Russia’s unprovoked attack on the Ukrainian people, coupled with its massive disinformation and propaganda campaign amplified by state-controlled media, serve as a stark reminder of the role a free press and free, unfettered access to factual information play in our society.
And yet increasingly, we see many of the same deceptive and false efforts here at home, putting journalists on the front lines in defense of the truth — and the preservation of our democracy.
Our work as journalists is inextricably linked to the health of our communities and our country, and that’s the pitch we make to our readers each and every day. Access to the facts is not a commodity to be bought and sold, but an essential underpinning of a healthy society.
Many newsrooms and journalists have already stepped up to unambiguously center pro-democracy coverage in their work, particularly in the wake of the 2020 presidential election. Just last month, The Washington Post announced the formation of a Democracy Team to focus on the battles surrounding ballot access and the politicization of our election administration.
The erosion of our democracy is happening not just in Washington, D.C., but also in local communities and state legislatures across our country. Often armed with misinformation, partisan operatives are seeking to influence local election administration and exert their agenda through state laws and state constitutional amendments.
And that makes local newsrooms — and in particular, nonprofit newsrooms dedicated to free public access — central to the fight.
In a column last month, The Post’s Margaret Sullivan issued this challenge: “Don’t be afraid to stand for something as basic to our mission as voting rights, governmental checks and balances, and democratic standards. In other words, shout it from the rooftops. Before it’s too late.”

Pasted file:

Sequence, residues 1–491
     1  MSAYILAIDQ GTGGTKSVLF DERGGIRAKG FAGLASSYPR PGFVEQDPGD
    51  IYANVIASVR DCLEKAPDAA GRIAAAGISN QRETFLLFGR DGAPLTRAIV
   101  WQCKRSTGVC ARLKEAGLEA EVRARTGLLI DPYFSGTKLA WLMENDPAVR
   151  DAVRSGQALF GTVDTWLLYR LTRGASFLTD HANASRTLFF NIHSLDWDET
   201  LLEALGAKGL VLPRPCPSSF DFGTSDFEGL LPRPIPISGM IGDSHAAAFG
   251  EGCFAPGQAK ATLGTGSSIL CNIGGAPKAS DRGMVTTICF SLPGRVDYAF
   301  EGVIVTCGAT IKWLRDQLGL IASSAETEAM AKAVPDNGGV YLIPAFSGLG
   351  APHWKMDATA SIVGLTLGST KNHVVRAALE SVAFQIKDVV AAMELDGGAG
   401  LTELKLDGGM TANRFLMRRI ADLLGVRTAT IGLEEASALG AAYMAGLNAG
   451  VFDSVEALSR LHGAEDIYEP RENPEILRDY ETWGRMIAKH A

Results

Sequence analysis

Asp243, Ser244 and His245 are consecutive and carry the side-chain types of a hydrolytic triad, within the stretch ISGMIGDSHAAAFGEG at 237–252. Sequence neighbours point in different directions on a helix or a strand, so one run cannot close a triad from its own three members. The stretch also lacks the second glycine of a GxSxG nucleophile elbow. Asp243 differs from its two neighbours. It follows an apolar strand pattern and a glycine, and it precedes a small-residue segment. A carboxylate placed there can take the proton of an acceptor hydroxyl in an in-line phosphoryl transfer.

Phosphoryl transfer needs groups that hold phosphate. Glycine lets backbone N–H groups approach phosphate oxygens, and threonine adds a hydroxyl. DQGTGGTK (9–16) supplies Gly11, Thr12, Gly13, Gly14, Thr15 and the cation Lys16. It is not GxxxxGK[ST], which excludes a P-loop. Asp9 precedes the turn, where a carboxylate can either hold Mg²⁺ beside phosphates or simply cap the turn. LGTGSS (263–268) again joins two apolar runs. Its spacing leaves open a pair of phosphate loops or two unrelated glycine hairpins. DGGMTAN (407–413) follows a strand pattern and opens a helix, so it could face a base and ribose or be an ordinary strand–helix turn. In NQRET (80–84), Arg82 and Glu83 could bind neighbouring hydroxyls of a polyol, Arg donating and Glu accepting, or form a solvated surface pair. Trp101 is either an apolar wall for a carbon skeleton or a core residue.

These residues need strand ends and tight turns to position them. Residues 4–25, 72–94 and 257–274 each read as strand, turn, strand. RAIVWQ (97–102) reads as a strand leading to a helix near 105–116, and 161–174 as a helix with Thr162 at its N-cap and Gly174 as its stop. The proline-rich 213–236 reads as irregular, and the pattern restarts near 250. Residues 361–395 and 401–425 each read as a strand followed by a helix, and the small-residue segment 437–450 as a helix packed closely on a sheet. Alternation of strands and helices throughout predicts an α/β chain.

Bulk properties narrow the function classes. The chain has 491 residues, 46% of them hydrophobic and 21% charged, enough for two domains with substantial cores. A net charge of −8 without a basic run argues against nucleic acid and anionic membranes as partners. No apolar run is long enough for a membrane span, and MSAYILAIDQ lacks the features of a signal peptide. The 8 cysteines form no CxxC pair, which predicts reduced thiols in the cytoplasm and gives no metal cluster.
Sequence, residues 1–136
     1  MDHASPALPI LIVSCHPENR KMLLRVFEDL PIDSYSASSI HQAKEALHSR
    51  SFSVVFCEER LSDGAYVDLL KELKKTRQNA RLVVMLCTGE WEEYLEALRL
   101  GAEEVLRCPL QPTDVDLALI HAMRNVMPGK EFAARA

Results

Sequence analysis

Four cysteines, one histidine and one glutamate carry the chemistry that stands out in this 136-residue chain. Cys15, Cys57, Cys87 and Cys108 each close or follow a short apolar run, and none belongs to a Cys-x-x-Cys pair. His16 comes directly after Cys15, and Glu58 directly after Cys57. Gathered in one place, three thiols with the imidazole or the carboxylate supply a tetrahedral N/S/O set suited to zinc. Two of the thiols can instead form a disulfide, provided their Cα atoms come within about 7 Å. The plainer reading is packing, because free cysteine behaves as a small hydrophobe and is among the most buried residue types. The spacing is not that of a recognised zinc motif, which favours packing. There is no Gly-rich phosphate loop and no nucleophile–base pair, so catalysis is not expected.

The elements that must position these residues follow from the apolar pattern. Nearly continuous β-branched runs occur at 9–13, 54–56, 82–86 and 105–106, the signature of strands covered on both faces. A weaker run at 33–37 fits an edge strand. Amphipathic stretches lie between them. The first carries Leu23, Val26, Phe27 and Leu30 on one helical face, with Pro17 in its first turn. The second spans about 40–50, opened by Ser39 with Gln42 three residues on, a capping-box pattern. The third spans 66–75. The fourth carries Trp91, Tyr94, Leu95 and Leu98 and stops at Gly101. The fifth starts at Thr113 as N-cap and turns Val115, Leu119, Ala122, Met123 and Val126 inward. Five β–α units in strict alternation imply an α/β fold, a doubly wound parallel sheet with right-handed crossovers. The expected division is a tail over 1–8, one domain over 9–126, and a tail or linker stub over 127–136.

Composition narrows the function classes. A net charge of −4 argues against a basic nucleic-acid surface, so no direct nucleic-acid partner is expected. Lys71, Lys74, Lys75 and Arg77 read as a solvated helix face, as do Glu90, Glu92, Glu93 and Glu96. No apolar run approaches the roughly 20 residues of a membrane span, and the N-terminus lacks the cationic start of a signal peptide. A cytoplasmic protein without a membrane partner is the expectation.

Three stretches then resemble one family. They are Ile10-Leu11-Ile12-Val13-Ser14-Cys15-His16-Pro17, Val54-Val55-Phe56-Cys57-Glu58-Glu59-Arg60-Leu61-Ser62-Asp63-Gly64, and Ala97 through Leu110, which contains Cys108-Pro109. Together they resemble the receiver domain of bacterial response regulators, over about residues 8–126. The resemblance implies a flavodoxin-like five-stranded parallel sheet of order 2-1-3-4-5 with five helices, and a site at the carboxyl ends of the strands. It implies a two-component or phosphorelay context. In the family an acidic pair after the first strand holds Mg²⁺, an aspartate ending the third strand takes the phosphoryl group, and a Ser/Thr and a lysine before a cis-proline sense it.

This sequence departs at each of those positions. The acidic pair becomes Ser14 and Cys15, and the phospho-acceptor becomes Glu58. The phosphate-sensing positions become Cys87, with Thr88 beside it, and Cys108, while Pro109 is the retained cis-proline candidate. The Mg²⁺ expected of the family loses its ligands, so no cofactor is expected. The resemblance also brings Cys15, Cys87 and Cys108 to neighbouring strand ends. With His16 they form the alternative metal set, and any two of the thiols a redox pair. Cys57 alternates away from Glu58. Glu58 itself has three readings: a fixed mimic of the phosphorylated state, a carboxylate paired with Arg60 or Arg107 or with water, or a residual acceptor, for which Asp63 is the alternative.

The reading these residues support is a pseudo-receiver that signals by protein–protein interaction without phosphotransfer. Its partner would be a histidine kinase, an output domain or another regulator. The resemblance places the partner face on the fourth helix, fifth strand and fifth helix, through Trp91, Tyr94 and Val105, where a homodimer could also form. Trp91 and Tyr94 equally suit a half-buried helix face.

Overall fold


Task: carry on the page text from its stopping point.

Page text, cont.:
At Spotlight PA — an independent, nonpartisan newsroom covering the Pennsylvania state government and urgent statewide issues — we’ve already taken steps to center this coverage and clearly explain to readers what’s happening and why it matters, including being the only newsroom in the state to dedicate a reporter to the decennial redistricting process.
We were also among the very first newsrooms to partner with Votebeat, a project of Chalkbeat, to focus resources on coverage of local election administration and voting issues. But these steps, along with strengthening service journalism around election guides and voting information, are only the tip of the iceberg. We must go further and rethink our role in service to our readers.
That’s why at Spotlight PA we are formulating a plan to launch the local journalism equivalent of The Post’s effort — our Democracy Initiative, led by a unique position we’re calling a Public Advocate, to extend our role in service to the public, reach new audiences, and, as Sullivan said, “shout it from the rooftops.”
That includes considering more direct services to voters, such as helplines and training people on the things we as journalists do so often, like requesting and understanding campaign finance reports, filing public records requests, backgrounding candidates, and more. We could also serve as a bridge to directly connect people with the resources or help they need, similar to the work consumer columnists have done for a long time.
This is not advocacy nor is it partisan, but instead an extension of our role and value in a community. We can do more than just provide people information, we can also better equip them with skills and connect them with others who can provide more.
The premise of our Democracy Initiative borrows heavily from some of the most notable engagement work already occurring in newsrooms across the country.
Take, for example, S. Mitra Kalita’s efforts through Epicenter-NYC to directly connect and book vaccine appointments for thousands of people in New York and beyond. Or KPCC’s refocus of its politics coverage away from the horse race and on to helping regular voters, pairing the position with an engagement producer to create more local voter guides and resources.
The time to get creative and go beyond our typical election playbook is now, and we shouldn’t be shy. This work is core to our mission, and, within the nonprofit journalism industry, also aligns with the goals of many of our foundation, institutional, and individual funders. We can meet this moment together, or I fear we will regret our lack of bold action in the future.
Christopher Baxter is the executive director and editor-in-chief of Spotlight PA.